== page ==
CALGARY, Alberta (Reuters) - Canada’s oil-producing province of Alberta, which has been hammered by falling crude prices, should not use its multibillion dollar savings fund to balance its budget, Premier Rachel Notley said on Monday.
Notley told reporters in Edmonton on the eve of her government’s first provincial budget, expected to include a record deficit as high as C$6.5 billion ($4.94 billion), that it would be better to increase the Heritage Fund.
The left-leaning New Democratic Party government, elected in May ending 44 years of Conservative rule in the western Canadian province, estimated the fund is worth about C$17.7 billion. The fund was created in the 1970s to collect a portion of resource revenues.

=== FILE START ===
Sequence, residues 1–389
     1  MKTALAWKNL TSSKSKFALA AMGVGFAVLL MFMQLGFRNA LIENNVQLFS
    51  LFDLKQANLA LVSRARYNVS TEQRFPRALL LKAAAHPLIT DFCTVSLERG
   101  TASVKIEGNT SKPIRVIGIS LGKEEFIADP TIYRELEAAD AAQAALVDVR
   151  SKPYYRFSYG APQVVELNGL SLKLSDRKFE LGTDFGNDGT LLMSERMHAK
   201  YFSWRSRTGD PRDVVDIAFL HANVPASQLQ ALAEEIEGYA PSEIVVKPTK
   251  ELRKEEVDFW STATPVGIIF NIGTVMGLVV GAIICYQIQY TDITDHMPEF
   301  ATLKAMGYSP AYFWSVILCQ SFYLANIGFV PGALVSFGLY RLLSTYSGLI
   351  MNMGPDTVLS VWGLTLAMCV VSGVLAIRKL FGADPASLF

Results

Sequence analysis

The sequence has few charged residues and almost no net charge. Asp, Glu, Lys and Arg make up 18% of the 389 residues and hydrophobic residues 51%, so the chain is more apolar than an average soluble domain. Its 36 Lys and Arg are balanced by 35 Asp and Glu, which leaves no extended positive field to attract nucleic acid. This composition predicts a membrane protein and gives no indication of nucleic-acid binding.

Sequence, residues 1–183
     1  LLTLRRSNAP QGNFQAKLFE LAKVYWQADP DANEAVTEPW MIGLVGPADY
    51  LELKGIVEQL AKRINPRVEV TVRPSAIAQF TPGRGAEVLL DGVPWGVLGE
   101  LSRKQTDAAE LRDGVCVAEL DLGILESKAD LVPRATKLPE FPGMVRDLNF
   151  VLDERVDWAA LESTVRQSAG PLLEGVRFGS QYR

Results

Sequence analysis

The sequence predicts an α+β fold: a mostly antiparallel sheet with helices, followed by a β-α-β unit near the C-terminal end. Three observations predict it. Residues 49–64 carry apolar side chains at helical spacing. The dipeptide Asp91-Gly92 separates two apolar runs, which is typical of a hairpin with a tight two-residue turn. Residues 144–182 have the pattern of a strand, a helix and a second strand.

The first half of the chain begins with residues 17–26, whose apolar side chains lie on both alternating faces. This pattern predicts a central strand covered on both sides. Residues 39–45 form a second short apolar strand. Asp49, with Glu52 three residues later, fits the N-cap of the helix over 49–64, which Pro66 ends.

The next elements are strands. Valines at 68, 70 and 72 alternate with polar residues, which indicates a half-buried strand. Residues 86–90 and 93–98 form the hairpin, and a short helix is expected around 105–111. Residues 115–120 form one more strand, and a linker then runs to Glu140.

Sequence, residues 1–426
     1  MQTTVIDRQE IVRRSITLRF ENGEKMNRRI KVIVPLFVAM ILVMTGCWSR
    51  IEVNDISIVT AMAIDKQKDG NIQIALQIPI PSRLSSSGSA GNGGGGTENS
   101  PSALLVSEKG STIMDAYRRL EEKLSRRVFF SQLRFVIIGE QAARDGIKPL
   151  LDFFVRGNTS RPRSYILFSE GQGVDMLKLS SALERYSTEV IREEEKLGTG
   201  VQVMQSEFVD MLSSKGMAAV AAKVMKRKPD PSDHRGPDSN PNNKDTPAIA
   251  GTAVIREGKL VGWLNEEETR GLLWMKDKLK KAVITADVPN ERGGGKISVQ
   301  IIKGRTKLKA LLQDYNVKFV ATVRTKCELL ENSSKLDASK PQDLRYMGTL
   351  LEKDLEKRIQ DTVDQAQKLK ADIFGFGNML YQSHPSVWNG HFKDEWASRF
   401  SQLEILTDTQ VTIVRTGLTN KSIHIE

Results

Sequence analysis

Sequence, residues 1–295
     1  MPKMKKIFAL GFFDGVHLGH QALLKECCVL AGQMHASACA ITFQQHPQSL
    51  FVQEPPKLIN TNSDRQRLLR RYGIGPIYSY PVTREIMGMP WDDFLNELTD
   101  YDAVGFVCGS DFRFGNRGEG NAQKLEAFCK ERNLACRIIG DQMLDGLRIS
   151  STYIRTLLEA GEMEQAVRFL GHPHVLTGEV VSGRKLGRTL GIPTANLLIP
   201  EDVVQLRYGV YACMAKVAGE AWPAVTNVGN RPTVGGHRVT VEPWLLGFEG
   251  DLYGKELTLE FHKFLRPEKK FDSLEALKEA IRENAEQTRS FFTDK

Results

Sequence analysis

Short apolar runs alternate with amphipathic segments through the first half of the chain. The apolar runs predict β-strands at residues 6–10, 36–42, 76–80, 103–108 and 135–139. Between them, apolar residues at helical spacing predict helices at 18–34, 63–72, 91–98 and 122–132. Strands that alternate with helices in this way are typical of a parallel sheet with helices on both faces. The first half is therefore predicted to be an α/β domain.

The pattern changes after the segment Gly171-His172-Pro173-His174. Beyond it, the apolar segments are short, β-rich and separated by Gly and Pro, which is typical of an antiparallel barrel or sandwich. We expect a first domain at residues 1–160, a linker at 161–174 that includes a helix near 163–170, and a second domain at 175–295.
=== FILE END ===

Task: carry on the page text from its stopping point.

But while the fund’s investment income was used in the past to finance some government programs, Notley said it would be better to see it grow for future generations.
“Playing around with that is something that one would have to be very careful with,” Notley said. “So the idea of having it fund operational or specific capital projects is not something that I think aligns with the values of Albertans or the way they see that fund.”
The government is in the middle of a review of royalty rates paid by oil and gas companies and could invest new revenues in the Heritage Fund.
Alberta’s finance minister, Joe Ceci, announced last week that the government was delaying plans to balance the province’s finances by one year until 2019-2020. He said, however, that the new budget to be presented on Tuesday would introduce a plan to achieve that goal.
The NDP government took steps to increase revenues in June when it raised corporate tax rates to 12 percent from 10 percent, fulfilling an election promise.
Notley said the budget would also focus on plans to diversify Alberta’s economy and create jobs, while protecting public services.
Reporting By Mike De Souza; editing by Grant McCool